Why Brain-Teasers are a Lame Interview Tool

I read a great article on Cameron Moll’s blog today about all-day tech interviews.  One of the things he mentioned in the article that struck a chord with me was the use of brain-teasers as an interview tool.  According to Cameron, the brain teaser counts for a full 25% of the candidate’s total impression.  Yikes!

I have used brain-teasers as an interview tool in the past, but no longer do so because I can’t say that brain-teasers really pull their weight as an interview tool.  It seems to me that brain-teasers are good for two things:  a) letting an interviewer feel smug because “I know the answer and you do not, silly candidate” (and I’m not saying this is why Cameron like them, so please save the drama), and b) determining if the candidate is good at brain-teasers.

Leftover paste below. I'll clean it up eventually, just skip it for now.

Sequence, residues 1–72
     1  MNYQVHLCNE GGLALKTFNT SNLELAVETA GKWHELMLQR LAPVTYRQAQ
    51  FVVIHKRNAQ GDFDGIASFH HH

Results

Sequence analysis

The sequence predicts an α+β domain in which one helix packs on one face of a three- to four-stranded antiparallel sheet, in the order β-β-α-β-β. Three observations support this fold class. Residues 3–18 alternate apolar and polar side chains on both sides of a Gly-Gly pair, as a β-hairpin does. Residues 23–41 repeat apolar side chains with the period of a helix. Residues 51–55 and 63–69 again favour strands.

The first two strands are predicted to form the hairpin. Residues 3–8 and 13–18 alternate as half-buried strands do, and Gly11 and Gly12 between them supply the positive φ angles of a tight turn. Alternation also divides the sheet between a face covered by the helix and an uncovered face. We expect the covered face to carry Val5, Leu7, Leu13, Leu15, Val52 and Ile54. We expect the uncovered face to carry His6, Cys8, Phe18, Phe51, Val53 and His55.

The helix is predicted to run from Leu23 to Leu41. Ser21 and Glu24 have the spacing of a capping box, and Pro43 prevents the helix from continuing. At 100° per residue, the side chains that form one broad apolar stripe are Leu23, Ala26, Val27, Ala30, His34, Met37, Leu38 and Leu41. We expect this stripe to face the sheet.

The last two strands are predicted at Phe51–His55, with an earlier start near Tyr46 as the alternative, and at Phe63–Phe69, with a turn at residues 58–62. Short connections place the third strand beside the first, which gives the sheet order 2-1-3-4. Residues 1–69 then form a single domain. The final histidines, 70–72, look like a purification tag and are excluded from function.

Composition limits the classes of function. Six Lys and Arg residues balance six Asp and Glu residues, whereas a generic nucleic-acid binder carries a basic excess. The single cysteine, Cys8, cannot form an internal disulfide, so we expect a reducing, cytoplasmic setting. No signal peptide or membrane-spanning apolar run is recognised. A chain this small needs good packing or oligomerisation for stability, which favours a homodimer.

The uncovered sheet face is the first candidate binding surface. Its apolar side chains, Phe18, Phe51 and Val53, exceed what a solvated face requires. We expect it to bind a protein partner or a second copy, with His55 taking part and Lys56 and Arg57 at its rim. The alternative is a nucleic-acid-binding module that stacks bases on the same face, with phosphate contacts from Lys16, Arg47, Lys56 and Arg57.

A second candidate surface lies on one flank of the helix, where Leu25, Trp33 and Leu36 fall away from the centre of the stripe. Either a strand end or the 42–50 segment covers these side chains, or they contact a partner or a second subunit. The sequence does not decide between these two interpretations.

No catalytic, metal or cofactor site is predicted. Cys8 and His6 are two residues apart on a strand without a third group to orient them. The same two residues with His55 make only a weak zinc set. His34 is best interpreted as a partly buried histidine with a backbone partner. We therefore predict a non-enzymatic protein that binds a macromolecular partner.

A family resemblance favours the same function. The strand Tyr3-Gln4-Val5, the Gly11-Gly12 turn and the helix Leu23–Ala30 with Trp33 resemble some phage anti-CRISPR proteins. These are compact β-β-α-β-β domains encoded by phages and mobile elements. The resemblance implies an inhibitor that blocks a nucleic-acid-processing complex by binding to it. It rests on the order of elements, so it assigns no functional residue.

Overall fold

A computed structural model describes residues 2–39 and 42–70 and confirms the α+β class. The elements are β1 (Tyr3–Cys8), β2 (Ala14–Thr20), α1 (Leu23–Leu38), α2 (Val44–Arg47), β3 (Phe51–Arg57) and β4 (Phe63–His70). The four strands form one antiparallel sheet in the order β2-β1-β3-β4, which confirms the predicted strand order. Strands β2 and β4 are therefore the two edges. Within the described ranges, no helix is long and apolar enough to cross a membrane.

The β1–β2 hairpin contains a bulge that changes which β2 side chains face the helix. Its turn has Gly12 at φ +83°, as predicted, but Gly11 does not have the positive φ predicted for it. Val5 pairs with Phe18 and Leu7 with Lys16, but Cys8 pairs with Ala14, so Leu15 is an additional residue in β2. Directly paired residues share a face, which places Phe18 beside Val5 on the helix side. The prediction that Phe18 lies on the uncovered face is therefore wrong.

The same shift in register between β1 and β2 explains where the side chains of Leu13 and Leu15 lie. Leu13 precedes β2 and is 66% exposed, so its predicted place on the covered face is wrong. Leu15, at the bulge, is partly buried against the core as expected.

Seriously, that’s it.  I can’t think of one thing that having a candidate do a brain-teaser will tell me that is more relevant than what I can learn from showing the candidate a page of incorrect (or is it?) code and ask them to find the problem and suggest solutions.  It just doesn’t get any more in-context than that.

I know that there is a great love of brain-teasers in the geek community, so perhaps I’m all alone on this.  But I’ve never really felt like brain-teasers told me anything that a more in-context demonstration couldn’t do.

That said, if they seem to work for you then by all means use them.  🙂